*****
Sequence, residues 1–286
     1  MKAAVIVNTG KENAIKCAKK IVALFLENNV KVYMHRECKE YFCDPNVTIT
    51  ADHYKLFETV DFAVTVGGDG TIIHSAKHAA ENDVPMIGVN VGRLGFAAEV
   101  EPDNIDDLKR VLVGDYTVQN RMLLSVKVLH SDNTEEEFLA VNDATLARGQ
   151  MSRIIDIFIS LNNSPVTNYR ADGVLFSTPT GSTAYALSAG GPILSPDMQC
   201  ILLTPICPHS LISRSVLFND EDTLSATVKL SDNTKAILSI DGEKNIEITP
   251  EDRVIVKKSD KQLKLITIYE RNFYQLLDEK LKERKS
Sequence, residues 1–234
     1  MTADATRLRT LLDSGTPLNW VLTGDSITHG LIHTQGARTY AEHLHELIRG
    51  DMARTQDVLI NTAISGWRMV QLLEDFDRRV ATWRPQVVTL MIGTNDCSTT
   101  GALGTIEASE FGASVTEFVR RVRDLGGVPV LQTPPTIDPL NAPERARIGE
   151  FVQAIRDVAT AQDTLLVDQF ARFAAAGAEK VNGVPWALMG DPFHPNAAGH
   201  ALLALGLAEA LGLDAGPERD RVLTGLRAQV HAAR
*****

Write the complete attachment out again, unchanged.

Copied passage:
Sequence, residues 1–286
     1  MKAAVIVNTG KENAIKCAKK IVALFLENNV KVYMHRECKE YFCDPNVTIT
    51  ADHYKLFETV DFAVTVGGDG TIIHSAKHAA ENDVPMIGVN VGRLGFAAEV
   101  EPDNIDDLKR VLVGDYTVQN RMLLSVKVLH SDNTEEEFLA VNDATLARGQ
   151  MSRIIDIFIS LNNSPVTNYR ADGVLFSTPT GSTAYALSAG GPILSPDMQC
   201  ILLTPICPHS LISRSVLFND EDTLSATVKL SDNTKAILSI DGEKNIEITP
   251  EDRVIVKKSD KQLKLITIYE RNFYQLLDEK LKERKS
Sequence, residues 1–234
     1  MTADATRLRT LLDSGTPLNW VLTGDSITHG LIHTQGARTY AEHLHELIRG
    51  DMARTQDVLI NTAISGWRMV QLLEDFDRRV ATWRPQVVTL MIGTNDCSTT
   101  GALGTIEASE FGASVTEFVR RVRDLGGVPV LQTPPTIDPL NAPERARIGE
   151  FVQAIRDVAT AQDTLLVDQF ARFAAAGAEK VNGVPWALMG DPFHPNAAGH
   201  ALLALGLAEA LGLDAGPERD RVLTGLRAQV HAAR